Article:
Learn Spanish Vocabulary

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You did your Spanish lessons diligently for sometime now. You already have a basic comprehension of pronunciation, verb tenses, parts of speech, and even the rules in spelling. You are wondering how you can continue with the learning momentum. It is now time to meet new words and learn Spanish vocabulary.

Easy does it

In so many ways, learning and expanding your Spanish vocabulary are the easiest compared with other languages. This is because in the past, there had been a vigorous cross-fertilization, so to speak, between Latin words and phrases that made it both into the Spanish and English languages.

For a language learner, word similarities (word cognates) between one’s own tongue and that of the studied language is such a big boost. A word of caution, though: similar words can be a swear word in one country and means something completely different in another.

Similar words

There are words, of course, that mean exactly the same in both English and Spanish. One example is the word ACTUAL which means the same in London and in Madrid, although there is a difference in the placement of the stress.

There are, of course, many words that are spelled the same in English and in Spanish but have very different meanings. For instance, the word ARENA in English means a riding place or a sports complex. In Spanish, ARENA usually means something about SAND.

Prefixes

You can expand your vocabulary, too, if you take advantage of suffixes and prefixes. They are both very common in English and Spanish.

In English and in Spanish, the prefix MAL has a negative connotation. Examples in English would be MALADY, MALEVOLENT, MALFUNCTION, and MALICE.

In Spanish, the words would include MALEVOLO (malevolent), MALFORMACION (malformation) and MALVADO (malignant). They all begin with the prefix MAL.

Suffixes

Suffixes are tricky in both English and Spanish. There are two main types of suffixes in Spanish: augmentative and diminutive.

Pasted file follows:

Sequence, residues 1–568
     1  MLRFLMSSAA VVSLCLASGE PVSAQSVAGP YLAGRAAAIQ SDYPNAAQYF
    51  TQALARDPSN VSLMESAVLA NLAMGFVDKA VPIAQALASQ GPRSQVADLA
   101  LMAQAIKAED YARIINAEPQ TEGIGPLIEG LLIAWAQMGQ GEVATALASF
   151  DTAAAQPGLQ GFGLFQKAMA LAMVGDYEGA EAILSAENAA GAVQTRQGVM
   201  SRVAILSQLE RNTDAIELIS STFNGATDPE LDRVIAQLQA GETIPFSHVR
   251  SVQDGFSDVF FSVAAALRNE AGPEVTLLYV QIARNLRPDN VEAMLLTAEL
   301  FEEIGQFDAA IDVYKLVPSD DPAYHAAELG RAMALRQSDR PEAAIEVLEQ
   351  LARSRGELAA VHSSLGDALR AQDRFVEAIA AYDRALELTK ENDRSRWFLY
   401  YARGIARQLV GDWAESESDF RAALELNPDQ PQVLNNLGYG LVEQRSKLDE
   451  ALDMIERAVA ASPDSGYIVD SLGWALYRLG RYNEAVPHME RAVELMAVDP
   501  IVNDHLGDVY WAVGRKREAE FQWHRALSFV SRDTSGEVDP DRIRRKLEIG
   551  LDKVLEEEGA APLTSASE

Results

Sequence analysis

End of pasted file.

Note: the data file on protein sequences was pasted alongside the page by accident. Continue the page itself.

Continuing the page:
Augmentative suffixes relate to size – ARBOLETE (large tree), MUJERONA (tough woman) or PERRAZO (vicious dog). The diminutive meanwhile connotes some sense of affection like CASITA (little house), ABUELITA (dear grandmother) and GORDITO (chubby).

Current new words

Many Spanish sites provide words right from current publications read by native speakers, and are therefore deemed part of contemporary, everyday speech.

Learning Spanish by memorization is the hardest way to retain them, as well as the least fun. If you are forced to do memorization, try to do them by groups for easier recall.

Examples would be list of body parts, weather conditions terms, shopping terms, and terms used in dining and eating, perhaps. This is one way of building up your vocabulary.

The “tion” and “cion” word endings

Generally, an English word that ends in “tion” or “sion” usually has a counterpart in Spanish: invitation/invitacion, insect/insecto, occasion/occasion, information/informacion and excavation/excavacion.

Words like politician and musician becomes POLITICO and MUSICO. Note that there are also many similarities between words in Spanish and roots or synonyms in English.
PENSAR means to consider. The English word, pensive, also means thoughtfully considering something.

All in all, learning Spanish vocabulary and expanding yours is the better part in learning Spanish. The reason is simply because it is fun.

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